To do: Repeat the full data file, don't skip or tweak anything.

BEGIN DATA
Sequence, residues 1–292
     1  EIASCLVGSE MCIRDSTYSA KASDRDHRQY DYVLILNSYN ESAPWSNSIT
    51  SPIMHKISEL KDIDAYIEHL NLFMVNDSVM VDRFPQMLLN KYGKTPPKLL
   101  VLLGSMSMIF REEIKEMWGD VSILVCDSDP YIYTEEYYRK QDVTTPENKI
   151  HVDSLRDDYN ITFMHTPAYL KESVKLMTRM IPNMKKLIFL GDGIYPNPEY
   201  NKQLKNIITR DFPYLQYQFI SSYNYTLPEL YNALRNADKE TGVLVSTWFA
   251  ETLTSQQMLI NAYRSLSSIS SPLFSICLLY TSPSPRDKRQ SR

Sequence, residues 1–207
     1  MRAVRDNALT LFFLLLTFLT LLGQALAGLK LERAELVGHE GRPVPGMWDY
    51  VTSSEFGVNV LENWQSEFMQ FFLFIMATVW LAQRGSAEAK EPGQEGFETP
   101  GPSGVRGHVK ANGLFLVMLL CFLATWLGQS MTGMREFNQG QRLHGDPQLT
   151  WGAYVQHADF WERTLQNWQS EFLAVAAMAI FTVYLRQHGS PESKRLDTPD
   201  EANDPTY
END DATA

Sequence, residues 1–292
     1  EIASCLVGSE MCIRDSTYSA KASDRDHRQY DYVLILNSYN ESAPWSNSIT
    51  SPIMHKISEL KDIDAYIEHL NLFMVNDSVM VDRFPQMLLN KYGKTPPKLL
   101  VLLGSMSMIF REEIKEMWGD VSILVCDSDP YIYTEEYYRK QDVTTPENKI
   151  HVDSLRDDYN ITFMHTPAYL KESVKLMTRM IPNMKKLIFL GDGIYPNPEY
   201  NKQLKNIITR DFPYLQYQFI SSYNYTLPEL YNALRNADKE TGVLVSTWFA
   251  ETLTSQQMLI NAYRSLSSIS SPLFSICLLY TSPSPRDKRQ SR

Sequence, residues 1–207
     1  MRAVRDNALT LFFLLLTFLT LLGQALAGLK LERAELVGHE GRPVPGMWDY
    51  VTSSEFGVNV LENWQSEFMQ FFLFIMATVW LAQRGSAEAK EPGQEGFETP
   101  GPSGVRGHVK ANGLFLVMLL CFLATWLGQS MTGMREFNQG QRLHGDPQLT
   151  WGAYVQHADF WERTLQNWQS EFLAVAAMAI FTVYLRQHGS PESKRLDTPD
   201  EANDPTY